As 5G rolls out around the world, the pressure is on operators to monetize substantial investments in spectrum and new infrastructure. Improved consumer connectivity will be part of the revenue mix. But operators are looking to business services and support across verticals to power 5G monetization in a major way.
No matter how you slice it, service assurance is set to play a starring role.
Business customers bring big demands
Businesses want high-performing services tailored to their needs. One-size-fits-all need not apply in a hyper-customized world.
For example, they may require highly reliable low latency communications or want access to increased bandwidth at a moment’s notice. These customers have specific quality of service expectations and need to know that the agreed upon quality has been provided. For critical services like telemedicine and autonomous vehicles, performance degradation is a non-starter.
5G has been designed to meet these discerning needs. Its power comes from a fundamental capability to respond to service and network demands dynamically, in real-time.
5G’s distributed and disaggregated, cloud-based and event-driven architecture provides agile resource allocation, edge-based services with ultra-low latency, and much more. Operators face challenges of rapid software changes and feature requirements, driving the practice of continuous integration and continuous delivery (CI/CD) into the network. By decoupling the software from the hardware, operators can deploy code updates rapidly and frequently to meet business challenges faster than before.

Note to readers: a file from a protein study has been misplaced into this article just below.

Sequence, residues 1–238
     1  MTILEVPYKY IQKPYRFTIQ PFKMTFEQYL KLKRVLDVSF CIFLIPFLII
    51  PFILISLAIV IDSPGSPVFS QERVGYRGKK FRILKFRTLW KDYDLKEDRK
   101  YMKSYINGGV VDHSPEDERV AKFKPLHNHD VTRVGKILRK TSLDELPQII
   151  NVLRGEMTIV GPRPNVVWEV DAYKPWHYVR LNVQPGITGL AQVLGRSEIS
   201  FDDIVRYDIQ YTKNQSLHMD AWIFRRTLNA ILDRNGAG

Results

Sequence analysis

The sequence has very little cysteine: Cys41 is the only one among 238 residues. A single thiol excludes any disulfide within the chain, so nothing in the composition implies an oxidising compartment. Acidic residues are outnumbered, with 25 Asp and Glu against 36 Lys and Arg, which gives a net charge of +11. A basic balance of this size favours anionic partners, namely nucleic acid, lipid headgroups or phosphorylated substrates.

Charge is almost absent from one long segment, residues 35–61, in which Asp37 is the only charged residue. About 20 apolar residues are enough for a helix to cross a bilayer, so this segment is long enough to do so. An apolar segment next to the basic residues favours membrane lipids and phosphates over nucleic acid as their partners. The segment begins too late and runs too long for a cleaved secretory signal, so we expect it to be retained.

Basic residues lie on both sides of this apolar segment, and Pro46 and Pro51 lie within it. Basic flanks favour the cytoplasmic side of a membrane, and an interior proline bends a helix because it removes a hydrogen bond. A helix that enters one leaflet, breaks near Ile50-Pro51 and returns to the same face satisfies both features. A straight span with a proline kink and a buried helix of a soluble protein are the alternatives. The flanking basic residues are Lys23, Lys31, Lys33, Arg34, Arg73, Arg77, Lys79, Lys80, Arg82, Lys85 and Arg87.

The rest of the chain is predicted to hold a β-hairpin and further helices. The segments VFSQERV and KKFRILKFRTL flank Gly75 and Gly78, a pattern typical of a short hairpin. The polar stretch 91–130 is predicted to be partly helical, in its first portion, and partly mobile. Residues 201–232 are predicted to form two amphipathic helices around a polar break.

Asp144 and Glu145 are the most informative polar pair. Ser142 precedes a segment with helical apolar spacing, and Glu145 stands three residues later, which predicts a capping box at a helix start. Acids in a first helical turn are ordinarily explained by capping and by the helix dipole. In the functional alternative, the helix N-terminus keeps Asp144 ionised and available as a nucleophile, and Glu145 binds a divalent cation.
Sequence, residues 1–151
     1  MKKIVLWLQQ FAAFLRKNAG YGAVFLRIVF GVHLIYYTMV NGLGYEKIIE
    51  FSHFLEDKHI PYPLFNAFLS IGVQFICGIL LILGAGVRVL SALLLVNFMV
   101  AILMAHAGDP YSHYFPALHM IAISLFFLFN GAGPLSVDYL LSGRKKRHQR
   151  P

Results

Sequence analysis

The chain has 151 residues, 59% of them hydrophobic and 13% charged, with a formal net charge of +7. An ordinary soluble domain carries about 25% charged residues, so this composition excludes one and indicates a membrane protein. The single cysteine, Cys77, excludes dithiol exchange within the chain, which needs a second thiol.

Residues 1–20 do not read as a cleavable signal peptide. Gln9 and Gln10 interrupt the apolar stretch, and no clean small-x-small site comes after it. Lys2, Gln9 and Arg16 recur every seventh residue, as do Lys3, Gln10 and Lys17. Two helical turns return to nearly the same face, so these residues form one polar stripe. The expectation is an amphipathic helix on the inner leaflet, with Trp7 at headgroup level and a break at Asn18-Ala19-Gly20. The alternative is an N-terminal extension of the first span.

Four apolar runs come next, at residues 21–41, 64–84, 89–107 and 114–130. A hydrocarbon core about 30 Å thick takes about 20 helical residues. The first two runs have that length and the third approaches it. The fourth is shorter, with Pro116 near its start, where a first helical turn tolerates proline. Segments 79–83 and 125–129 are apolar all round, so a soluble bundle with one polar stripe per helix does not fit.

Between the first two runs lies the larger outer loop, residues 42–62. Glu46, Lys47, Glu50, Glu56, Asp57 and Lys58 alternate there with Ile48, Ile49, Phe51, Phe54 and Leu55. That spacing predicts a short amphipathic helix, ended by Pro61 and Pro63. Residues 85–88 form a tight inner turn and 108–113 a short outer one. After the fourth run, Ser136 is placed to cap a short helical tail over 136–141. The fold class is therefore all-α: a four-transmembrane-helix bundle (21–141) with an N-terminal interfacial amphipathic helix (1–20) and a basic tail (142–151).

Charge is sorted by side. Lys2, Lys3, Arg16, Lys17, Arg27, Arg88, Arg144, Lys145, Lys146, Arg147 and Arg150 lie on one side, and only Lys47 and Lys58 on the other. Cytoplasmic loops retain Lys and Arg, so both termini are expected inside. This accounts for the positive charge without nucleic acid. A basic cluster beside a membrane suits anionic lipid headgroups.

Operators face challenges of rapid software changes and feature requirements, driving the practice of continuous integration and continuous delivery (CI/CD) into the network.
Network slicing is a big breakthrough, but with a quality-related catch
5G opens the door to the delivery of network slices that can be scaled up or down as needed based on the needs of the service they support. The promise of flexible network slicing enables service providers to charge differently for varying classes of traffic requesting specific performance levels. These requirements become part of service-level agreement (SLA) contracts with the business customer to ensure the network is delivering as planned.
Demonstrating the infrastructure is actually meeting the quality SLA of each logical slice requires measuring and reporting the relevant key performance indicators (KPIs). Such proof is especially important for critical applications like emergency services. The implications of SLAs on service providers and the opportunities they provide are described in more detail in an article we recently wrote for.
There’s a major challenge, though: while 5G sets the stage for new, promising services such as network slicing, its architectural and technical innovations have major implications on how the quality of those services can be assured.
How service assurance takes network slicing to new heights
Network slicing demands stakeholders consider the role service assurance can play in bringing demanding use cases over the performance finish line, including:
End-to-end visibility into the network for any service instance across any network slice
Network and service monitoring in real-time
Performance monitoring across multiple geographic and technology domains
Analysis of SLA KPIs in real time
Active testing to monitor, troubleshoot, and isolate continuous network updates
Dynamic scalability to meet changing network requirements
Service assurance is expanding beyond an end-to-end network view to also include a holistic view across the full-service lifecycle with efficient, cost-effective management and automation of real-time events.
In our next post, we’ll dive into the service assurance deployment strategies and considerations shaping network slicing design.
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